“The trick there,” says Johnson, “was that we built the set one story up on the soundstage. So as you went into the bath you actually slid down into a practical bath full of foam and down into a chute underneath the set. We did CG bubbles floating in the bathroom, but it was a really nice testament to old-school sequences that you could jump in the bath and dive in and keep the scene moving.”

The bathtub slides result in the characters entering and flying through an enchanting underwater fantasia full of sea life, a rubber duck, and even a pirate galleon that Mary Poppins had popped into the bath beforehand. Much of this was computer generated, including, sometimes, partial digi-double representations of the characters along with bubble trails. Blunt and the children were initially captured while connected to a wire rig which ran on tracks in the studio ceiling, with an extra ‘effect’ added by shooting the scene in a slightly different way.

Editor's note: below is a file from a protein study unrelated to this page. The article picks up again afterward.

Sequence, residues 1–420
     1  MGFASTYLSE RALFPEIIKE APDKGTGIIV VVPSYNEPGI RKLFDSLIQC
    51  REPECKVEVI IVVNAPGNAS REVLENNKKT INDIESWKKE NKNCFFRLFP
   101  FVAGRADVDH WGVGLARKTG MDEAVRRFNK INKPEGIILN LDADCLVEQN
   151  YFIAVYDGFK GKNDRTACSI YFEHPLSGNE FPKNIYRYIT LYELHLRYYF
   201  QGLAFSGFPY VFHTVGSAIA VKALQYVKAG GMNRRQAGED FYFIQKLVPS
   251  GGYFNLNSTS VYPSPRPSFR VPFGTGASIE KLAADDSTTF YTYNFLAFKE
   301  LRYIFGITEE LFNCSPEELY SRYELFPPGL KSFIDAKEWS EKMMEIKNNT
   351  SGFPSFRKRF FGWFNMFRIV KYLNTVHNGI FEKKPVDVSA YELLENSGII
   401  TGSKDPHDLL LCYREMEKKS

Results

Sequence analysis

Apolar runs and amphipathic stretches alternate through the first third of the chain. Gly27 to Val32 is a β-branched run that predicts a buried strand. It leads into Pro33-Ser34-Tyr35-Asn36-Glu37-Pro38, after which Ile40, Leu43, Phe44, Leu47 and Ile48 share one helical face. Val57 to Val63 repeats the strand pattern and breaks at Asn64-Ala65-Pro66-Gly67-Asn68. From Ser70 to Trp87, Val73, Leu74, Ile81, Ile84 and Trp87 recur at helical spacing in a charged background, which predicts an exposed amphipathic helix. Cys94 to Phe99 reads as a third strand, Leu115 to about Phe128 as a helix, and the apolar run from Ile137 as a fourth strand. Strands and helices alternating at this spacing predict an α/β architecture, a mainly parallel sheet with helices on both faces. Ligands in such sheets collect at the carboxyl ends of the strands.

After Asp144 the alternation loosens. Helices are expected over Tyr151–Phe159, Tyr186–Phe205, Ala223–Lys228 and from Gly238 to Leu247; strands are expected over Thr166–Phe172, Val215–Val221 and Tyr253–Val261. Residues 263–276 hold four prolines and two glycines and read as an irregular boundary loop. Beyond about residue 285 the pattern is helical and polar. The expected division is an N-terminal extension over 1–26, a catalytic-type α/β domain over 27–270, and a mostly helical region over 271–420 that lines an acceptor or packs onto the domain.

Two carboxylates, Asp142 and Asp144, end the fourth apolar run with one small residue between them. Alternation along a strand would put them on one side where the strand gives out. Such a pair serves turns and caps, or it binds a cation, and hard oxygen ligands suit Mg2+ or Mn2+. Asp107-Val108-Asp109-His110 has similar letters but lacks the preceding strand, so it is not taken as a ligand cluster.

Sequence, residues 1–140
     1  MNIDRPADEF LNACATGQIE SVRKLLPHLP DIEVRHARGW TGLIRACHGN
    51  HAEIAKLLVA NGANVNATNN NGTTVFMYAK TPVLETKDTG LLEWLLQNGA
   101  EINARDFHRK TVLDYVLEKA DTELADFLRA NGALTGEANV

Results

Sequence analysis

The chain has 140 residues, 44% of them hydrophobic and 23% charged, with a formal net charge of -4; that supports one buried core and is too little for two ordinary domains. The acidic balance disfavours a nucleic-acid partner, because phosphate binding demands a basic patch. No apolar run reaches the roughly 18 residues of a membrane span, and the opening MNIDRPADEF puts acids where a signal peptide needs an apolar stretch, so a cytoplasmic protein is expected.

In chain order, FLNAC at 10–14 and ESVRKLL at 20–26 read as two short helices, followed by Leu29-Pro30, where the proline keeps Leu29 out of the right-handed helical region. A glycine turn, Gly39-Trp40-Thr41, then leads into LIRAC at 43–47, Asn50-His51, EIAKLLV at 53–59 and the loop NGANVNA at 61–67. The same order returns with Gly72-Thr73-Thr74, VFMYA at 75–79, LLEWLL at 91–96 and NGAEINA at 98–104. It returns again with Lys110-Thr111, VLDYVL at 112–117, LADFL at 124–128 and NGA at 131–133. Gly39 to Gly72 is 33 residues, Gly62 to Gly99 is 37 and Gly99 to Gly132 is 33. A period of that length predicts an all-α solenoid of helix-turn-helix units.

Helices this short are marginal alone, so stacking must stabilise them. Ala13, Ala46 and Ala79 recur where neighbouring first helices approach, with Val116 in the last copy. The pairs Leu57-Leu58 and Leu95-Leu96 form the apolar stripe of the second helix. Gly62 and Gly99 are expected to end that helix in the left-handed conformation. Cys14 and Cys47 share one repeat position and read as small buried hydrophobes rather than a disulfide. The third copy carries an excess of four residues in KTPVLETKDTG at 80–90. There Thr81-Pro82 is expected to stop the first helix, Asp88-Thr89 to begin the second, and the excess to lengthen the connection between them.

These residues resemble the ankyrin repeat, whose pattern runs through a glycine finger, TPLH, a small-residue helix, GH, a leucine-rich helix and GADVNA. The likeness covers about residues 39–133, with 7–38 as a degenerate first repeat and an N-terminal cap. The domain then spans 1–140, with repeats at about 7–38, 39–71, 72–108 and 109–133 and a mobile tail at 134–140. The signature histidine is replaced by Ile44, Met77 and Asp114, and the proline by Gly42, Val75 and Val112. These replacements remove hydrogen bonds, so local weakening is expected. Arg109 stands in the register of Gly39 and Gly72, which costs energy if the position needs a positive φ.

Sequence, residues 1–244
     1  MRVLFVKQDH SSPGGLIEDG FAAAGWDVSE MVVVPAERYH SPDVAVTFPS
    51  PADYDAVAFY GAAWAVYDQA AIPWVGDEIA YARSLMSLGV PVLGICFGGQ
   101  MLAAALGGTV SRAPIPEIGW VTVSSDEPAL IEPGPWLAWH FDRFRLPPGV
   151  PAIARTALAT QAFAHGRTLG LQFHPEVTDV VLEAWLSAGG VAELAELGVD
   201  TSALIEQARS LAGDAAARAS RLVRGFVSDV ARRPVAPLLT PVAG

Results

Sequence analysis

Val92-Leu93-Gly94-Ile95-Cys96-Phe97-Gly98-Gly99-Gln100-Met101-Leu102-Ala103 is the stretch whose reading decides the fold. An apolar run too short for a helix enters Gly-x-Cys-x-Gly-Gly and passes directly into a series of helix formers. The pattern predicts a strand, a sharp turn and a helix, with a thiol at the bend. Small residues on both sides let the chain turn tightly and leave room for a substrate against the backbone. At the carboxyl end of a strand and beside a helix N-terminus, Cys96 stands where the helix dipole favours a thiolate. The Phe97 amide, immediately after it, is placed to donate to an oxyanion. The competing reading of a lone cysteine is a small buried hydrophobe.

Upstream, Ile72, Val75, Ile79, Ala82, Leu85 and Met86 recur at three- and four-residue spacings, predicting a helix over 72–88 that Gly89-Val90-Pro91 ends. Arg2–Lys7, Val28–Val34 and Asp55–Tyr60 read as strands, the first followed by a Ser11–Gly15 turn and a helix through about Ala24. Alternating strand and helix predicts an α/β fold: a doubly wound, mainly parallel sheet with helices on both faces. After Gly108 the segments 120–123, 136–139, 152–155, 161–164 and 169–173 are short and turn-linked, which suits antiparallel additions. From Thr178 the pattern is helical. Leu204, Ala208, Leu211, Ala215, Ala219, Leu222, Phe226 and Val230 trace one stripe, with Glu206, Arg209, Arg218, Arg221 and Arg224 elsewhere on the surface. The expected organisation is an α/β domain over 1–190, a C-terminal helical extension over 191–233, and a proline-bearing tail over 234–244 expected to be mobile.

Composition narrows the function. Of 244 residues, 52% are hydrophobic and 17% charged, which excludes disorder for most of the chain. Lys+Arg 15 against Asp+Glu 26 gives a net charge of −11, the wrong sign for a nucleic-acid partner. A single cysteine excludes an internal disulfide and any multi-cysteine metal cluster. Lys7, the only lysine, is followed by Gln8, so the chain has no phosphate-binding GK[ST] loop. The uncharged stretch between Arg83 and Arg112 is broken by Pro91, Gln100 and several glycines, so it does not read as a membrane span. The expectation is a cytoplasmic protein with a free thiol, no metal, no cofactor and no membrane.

“One of the things we also did with the water scene was over-crank the camera just to give a little bit more float to the shots,” explains Johnson. “The problem we had there, however, was Emily had to sing the entire song. This is a testament to Emily’s acting and singing skills – we actually filmed that sequence on the bluescreen at 32 frames per second. We had to re-speed the music so it would sync at that rate, and on camera Emily would be singing the song very quickly. It was a combination of old-school techniques.”

The characters enter a Royal Doulton bowl.